1. Assumptions are made to be questioned.

Close your eyes and imagine Canada… Now take that image, remove all the polar bears and igloos, and increase the temperature by about 50 degrees. Okay, now put a whole bunch of vibrant festivals in the middle. That’s what Canada is really like, at least in summer.

The eastern cities of Toronto and Montréal are hot like New York — literally and figuratively — and full of huge festivals such as Pride Toronto (the biggest Pride fest in North America) and one of the biggest jazz fests on Earth in Montréal.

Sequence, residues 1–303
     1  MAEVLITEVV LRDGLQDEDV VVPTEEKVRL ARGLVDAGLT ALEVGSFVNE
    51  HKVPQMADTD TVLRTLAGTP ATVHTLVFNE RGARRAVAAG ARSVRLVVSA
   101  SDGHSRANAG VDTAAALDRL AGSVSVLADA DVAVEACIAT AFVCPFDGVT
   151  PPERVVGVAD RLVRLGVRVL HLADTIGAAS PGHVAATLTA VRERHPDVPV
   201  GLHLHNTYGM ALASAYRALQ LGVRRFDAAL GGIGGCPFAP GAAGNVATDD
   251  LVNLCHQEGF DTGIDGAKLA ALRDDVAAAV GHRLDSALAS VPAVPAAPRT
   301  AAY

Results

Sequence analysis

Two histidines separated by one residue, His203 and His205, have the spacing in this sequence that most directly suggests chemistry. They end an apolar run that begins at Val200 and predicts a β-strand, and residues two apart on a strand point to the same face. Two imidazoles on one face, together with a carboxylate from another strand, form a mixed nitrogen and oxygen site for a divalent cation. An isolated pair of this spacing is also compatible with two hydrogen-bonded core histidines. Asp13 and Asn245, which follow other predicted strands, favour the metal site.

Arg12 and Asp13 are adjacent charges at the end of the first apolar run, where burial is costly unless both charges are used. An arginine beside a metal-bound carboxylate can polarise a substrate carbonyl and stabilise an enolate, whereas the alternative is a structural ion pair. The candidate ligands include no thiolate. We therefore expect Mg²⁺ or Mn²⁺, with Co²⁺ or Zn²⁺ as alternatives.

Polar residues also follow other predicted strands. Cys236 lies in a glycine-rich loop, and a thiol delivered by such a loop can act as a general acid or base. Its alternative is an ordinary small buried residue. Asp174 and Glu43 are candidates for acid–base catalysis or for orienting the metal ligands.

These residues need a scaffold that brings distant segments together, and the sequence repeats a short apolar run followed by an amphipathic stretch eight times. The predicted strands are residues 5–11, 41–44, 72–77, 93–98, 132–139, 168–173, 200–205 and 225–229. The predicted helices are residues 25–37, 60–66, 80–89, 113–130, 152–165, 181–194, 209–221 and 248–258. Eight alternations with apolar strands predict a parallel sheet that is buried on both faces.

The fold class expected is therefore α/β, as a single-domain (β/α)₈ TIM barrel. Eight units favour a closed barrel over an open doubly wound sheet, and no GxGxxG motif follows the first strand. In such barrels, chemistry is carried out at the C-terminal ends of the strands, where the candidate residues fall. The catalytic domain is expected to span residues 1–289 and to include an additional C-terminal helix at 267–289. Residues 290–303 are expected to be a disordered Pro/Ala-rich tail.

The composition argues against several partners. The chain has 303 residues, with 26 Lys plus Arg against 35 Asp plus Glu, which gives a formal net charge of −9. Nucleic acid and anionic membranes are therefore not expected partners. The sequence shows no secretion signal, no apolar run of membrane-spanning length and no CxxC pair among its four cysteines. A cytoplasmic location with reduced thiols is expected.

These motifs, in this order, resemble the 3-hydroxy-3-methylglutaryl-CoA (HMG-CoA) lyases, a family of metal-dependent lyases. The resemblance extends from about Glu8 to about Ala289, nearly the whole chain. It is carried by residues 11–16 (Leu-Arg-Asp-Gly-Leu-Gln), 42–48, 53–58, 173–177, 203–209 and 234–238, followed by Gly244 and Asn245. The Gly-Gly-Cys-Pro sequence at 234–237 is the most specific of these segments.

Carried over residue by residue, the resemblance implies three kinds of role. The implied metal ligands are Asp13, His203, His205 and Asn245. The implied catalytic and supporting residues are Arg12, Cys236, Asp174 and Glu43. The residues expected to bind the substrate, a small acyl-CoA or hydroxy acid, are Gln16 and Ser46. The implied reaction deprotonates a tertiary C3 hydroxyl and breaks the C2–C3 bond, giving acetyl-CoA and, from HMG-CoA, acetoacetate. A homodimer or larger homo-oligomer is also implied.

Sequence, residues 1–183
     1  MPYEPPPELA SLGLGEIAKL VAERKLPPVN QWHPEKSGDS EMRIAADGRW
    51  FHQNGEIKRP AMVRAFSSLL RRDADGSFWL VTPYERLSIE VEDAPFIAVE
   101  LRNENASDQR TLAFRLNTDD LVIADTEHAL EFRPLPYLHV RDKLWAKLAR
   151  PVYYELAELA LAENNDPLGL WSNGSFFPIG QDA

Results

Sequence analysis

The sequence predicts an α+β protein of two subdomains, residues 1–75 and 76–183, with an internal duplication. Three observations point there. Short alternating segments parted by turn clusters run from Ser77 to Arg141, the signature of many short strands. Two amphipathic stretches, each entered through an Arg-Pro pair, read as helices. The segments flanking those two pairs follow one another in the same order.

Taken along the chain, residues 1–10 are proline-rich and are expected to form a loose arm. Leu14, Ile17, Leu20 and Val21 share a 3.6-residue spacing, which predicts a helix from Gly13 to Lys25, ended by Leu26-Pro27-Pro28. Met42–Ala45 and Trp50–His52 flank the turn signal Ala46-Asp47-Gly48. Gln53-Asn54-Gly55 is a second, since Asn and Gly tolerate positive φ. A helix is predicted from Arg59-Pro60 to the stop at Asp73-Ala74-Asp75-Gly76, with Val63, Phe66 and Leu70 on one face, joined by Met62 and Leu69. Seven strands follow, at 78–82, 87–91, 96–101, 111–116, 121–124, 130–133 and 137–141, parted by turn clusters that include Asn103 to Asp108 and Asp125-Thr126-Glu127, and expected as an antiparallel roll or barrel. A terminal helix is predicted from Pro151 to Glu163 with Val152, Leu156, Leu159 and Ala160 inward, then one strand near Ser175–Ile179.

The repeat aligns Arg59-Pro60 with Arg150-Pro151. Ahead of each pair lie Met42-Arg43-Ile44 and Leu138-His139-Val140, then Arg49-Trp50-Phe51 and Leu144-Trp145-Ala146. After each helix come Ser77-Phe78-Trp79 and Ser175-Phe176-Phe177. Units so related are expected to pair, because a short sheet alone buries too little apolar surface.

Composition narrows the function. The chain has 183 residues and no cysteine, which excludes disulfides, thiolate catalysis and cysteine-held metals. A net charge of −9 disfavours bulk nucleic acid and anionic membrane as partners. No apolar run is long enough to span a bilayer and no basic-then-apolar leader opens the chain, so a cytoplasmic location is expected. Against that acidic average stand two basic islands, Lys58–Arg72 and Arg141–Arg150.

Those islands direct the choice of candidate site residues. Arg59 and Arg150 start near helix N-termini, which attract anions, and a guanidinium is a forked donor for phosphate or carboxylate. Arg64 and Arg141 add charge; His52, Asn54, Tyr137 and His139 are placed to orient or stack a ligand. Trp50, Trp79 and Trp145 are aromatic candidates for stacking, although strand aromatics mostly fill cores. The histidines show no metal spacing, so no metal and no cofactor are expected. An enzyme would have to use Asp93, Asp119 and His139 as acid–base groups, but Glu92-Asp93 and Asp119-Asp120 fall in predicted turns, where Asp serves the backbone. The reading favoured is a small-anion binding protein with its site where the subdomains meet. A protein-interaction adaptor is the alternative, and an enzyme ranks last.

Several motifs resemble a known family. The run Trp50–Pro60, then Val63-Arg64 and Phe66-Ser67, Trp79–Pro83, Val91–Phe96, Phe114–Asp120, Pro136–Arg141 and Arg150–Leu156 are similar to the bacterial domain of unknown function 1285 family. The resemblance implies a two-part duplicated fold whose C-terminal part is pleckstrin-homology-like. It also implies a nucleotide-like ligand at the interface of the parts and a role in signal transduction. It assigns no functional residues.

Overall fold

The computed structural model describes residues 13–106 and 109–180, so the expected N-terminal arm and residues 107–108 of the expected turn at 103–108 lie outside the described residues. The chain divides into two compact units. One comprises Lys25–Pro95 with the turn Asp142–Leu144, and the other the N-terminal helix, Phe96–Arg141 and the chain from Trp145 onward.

To the west, Calgary is Canada’s sunniest city, where perfect summertime activities include beer drinking and people watching on the Ship and Anchor patio, riding bikes along the Bow River pathway system, going to music festivals like the SXSW-style Sled Island, and any other sun-centered seasonal activities you can dream up.

2. You only live once.

Canadians believe in making the most out of our time here on Earth — but we also believe in rigorous standards for public safety. So when dangling ourselves from the CN Tower 1,168 feet above the ground on the EdgeWalk, ziplining 2,200 feet across Niagara Falls, or riding the longest gondola in the world between Blackcomb and Whistler, we definitely make sure we are, you know, really strapped in.